By Atul Minocha and Paul Sparrow
As we try to determine whether old style, hand-to-hand, touch-it-and-feel-it marketing can compete in today’s switched on, always moving world, is it possible that a bird feather holds the key to the question posed in our headline?
The answer requires a bit of insight into how we got to this seminal moment which by the way is a precarious place for the newspapers, billboards, mailers, radio and even TV ads comprising what is predominantly known as “traditional marketing.”
As colleagues at Chief Outsiders, the country’s largest provider of outsourced fractional marketing executives, we both get a steady diet of the traditional-versus-digital marketing kibble – and there’s no arguing that digital represents new opportunities. Anything that happens on a computer or connected device resides in the digital strata, and anything sent to it can be endlessly targeted, measured, and personalized.
In fact, a recent study found that average daily time spent with digital media in the United States has leapt from just 2.5 hours in 2011 to a projected eight hours in 2022, with traditional media consumption declining from 7.5 hours to 4.5 hours in the same period.
Game over, right?
Maybe. But maybe not. There is a compelling counter argument. For example, what about billboards? Ads on public transit? Magazines and newspapers? They’re everywhere! Heck, people STILL pack their way into trade shows, marketing events, seminars and such. Just like you, our mailboxes still overflow with the printed vestiges of a bygone era!
Well, you’re not wrong in letting digital occupy the frontal lobe of your marketing mind – but there are two quite notable reasons propping up traditional media in a way that even the gadget-heads might be well advised to consider.
You’ll note that all of those traditional media outlets look a little different than they did 60 years ago. Billboards are no longer paper-based but are now digital, cycling through several ads per minute. Those direct mailers and bus ads are covered with QR codes, which you can aim your phone at to receive valuable interactions. Even your TV can be targeted, digital-style, with ads that are more relevant to your buying itches.
Further, digital has become a premium product, with a requisite premium price! Not too long ago, in a bid to get advertisers hooked, it was free – or dirt cheap – to put a message (usually text-based) up on the social channels. Now, competition has truly jacked up the price – and created a highly cluttered landscape that can be overwhelming to the consumer. This has opened the door for traditional media to provide a less ADD-centric and more cost-effective alternative to stand out.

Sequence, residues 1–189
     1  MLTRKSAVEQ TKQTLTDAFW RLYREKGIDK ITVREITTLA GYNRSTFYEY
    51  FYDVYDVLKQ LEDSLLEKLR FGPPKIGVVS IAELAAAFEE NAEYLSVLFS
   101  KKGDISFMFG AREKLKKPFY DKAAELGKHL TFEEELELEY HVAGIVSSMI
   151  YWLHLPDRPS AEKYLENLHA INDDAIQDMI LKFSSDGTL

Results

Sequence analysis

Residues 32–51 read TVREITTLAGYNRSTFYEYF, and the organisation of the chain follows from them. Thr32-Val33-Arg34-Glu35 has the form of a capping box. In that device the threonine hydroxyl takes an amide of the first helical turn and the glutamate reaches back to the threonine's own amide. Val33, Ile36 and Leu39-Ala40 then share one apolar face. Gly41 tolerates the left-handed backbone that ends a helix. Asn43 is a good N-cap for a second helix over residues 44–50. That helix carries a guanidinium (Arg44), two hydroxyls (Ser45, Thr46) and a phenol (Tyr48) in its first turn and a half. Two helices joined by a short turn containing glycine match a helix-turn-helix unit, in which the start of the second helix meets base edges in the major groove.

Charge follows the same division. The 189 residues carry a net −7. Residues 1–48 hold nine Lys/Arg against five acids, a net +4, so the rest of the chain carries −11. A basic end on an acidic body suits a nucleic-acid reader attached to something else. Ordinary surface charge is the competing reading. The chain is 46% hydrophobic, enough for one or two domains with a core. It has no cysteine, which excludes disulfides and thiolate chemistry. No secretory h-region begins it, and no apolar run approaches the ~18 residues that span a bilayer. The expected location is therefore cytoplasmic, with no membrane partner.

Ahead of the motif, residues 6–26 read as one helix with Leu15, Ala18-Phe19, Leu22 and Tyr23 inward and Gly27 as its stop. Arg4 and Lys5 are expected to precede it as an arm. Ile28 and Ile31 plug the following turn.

Even smart people like us (modest, too) surf at the crest of the digital wave. Companies have become so convinced of the power of digital that the cost of entry for even the basics is becoming mind-bogglingly expensive. YouTube channels and TikTok ads – once the domain of the home-baked – are becoming slicker in production quality and are requiring more resources to present professionally.
One important note: Though we’ve only seen the tip of this trend, digital fatigue – as a result of COVID – might be a factor. After being cooped up for almost two years, the shift to digital communication – ballyhooed at first – may now be backsliding. We’ve seen webinar attendance drop and participation increase at in-person events, dinners, and cocktail mixers.
We believe that a smart company, one with sober insights and strategies regarding their customer’s journey, can take a blended approach to traditional media by injecting what they’re doing in digital media into the more traditional channels. They can gain traction; heck, even stand out from the crowd, since it’s less noisy in the real world.
So back to the bird feather. A couple of years ago, Atul received a direct mailer from Audi, the car manufacturer. It came tucked in a three-dimensional brochure, which itself was packed into a rigid FedEx box, and shipped via express (equating to urgency) to the front door.
It was a beautiful package, almost “Apple-esque” in its presentation, and though he didn’t rush out and purchase a car that moment, Atul can still recall the campaign, several years hence, in vivid detail. Sure, it was more expensive for Audi to communicate in such an elegant manner – far more expensive, let’s say, than a Facebook ad – but we’d challenge you to recall ANY digital ad from even two weeks ago! Can you?
The lesson here is that traditional marketing has a decided seat at the table in the consideration game today – but the quality of the impact, and the relevance of the targeting, still holds the key to success. Audi perhaps could have reached 100,000 people in the local market with a Google ad, but using keen, digitally sourced demographic data, they can also choose 100 likely purchasers and invest the same spend in something that has true stopping power.
How about you? At your company, have you gone all-in on digital without thinking about a continuing role for traditional media?